Helen: Okay, I think we’re running out of time and I think what I would like to do right now is ask Philip and Kevin if you each could leave our audience with your thoughts on key findings from the study.
Phillip: If you take all of our findings from our study and sort of synthesize them down, some organizations are well on their way to embracing and implementing performance management, others haven’t even started the journey. I think do have to look at is as part of the journey. And to get started and sustain performance management you have to have support from the top. It’s the tone of the top, it has to have that executive and it has to have that board behind this and to the extent of those people are behind it and sustain it, this will help your organization into that high performer group. If you don’t have that support, don’t start but also face that reality that you may fall into that low performing group whether you like it or not.
Kevin: From my point of view, again performance management can and should be implemented by any size organization, our alliance skills with Canadian industries of all size and quite often you’ll hear them say “We’re such and such size, so performance management isn’t really issue for us. We can just count how many heads showed up and what our sales are at the end of the day.” But as mentioned before, using instinct to manage a performance, I think is definitely on its way out as more regimen, as more practices require keeping your organization afloat, especially during these hard economic times. I think organizations big and small should be looking at how we can rationalize and how can we implement a performance management process that’s right for us. This study can certainly help provide some guidelines and a framework to work from in comparing what are we doing and what do we need to do in the future.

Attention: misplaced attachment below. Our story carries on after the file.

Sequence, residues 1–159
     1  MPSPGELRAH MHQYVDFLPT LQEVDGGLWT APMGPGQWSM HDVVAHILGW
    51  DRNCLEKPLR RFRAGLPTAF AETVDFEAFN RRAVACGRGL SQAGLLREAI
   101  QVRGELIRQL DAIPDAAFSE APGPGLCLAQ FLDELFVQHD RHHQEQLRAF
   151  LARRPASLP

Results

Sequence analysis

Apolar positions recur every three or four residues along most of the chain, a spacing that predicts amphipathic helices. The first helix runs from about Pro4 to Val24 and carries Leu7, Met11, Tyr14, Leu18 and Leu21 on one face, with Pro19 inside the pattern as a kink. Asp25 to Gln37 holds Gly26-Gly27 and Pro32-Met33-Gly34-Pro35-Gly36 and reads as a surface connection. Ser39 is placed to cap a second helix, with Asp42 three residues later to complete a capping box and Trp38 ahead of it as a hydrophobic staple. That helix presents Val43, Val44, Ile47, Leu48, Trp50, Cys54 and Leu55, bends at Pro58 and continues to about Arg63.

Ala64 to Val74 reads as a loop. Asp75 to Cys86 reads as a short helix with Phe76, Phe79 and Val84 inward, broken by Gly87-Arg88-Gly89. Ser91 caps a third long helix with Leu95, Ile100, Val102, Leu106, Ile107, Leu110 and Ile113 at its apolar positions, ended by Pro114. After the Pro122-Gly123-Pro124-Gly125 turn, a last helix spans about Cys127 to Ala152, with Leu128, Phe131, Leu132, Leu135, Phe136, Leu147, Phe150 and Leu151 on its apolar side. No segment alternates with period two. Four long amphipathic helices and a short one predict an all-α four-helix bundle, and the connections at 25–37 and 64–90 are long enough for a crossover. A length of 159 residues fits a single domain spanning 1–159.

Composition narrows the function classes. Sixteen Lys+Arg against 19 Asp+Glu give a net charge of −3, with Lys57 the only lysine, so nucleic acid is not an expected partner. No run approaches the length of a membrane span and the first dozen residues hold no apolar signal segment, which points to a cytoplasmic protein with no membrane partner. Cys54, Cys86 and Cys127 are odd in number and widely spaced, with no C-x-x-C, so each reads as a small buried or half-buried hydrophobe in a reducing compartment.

Dean: Philip and Kevin thank you very much for joining us today. For information on performance management or to download a copy of the performance management study “Performance Management Matters: Sustaining superior results in a global economy.” Please visit pwc.com/ca/pmreport.
Dean: This concludes this episode of Strategy Talks, part of the PricewaterhouseCoopers Managing in a Downturn podcast series. I'm Dean Mullett, thank you for listening.
Helen: And I'm Helen Mallovy Hicks. We hope you'll join us again soon for another episode. To download or to subscribe to this podcast series or to find more information on this topic, please visit our Managing in a Downturn website at www.pwc.com/ca/managinginadownturn.